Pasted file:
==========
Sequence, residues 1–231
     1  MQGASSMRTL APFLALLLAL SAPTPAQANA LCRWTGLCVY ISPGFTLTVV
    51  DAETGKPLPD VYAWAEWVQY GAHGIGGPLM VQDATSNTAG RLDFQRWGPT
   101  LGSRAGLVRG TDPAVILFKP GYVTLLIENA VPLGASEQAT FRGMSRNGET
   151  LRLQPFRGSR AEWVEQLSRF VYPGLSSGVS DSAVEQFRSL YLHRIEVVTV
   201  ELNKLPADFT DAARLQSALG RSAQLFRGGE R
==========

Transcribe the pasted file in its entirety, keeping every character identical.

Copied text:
Sequence, residues 1–231
     1  MQGASSMRTL APFLALLLAL SAPTPAQANA LCRWTGLCVY ISPGFTLTVV
    51  DAETGKPLPD VYAWAEWVQY GAHGIGGPLM VQDATSNTAG RLDFQRWGPT
   101  LGSRAGLVRG TDPAVILFKP GYVTLLIENA VPLGASEQAT FRGMSRNGET
   151  LRLQPFRGSR AEWVEQLSRF VYPGLSSGVS DSAVEQFRSL YLHRIEVVTV
   201  ELNKLPADFT DAARLQSALG RSAQLFRGGE R